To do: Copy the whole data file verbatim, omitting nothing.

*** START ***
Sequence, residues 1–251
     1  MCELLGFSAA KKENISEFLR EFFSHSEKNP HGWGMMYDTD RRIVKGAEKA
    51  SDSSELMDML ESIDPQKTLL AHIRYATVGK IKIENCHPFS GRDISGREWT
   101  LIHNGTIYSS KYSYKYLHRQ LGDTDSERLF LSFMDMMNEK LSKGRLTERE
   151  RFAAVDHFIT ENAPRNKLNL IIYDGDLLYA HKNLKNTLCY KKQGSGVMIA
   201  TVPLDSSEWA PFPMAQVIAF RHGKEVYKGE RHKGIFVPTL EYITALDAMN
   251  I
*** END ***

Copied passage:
Sequence, residues 1–251
     1  MCELLGFSAA KKENISEFLR EFFSHSEKNP HGWGMMYDTD RRIVKGAEKA
    51  SDSSELMDML ESIDPQKTLL AHIRYATVGK IKIENCHPFS GRDISGREWT
   101  LIHNGTIYSS KYSYKYLHRQ LGDTDSERLF LSFMDMMNEK LSKGRLTERE
   151  RFAAVDHFIT ENAPRNKLNL IIYDGDLLYA HKNLKNTLCY KKQGSGVMIA
   201  TVPLDSSEWA PFPMAQVIAF RHGKEVYKGE RHKGIFVPTL EYITALDAMN
   251  I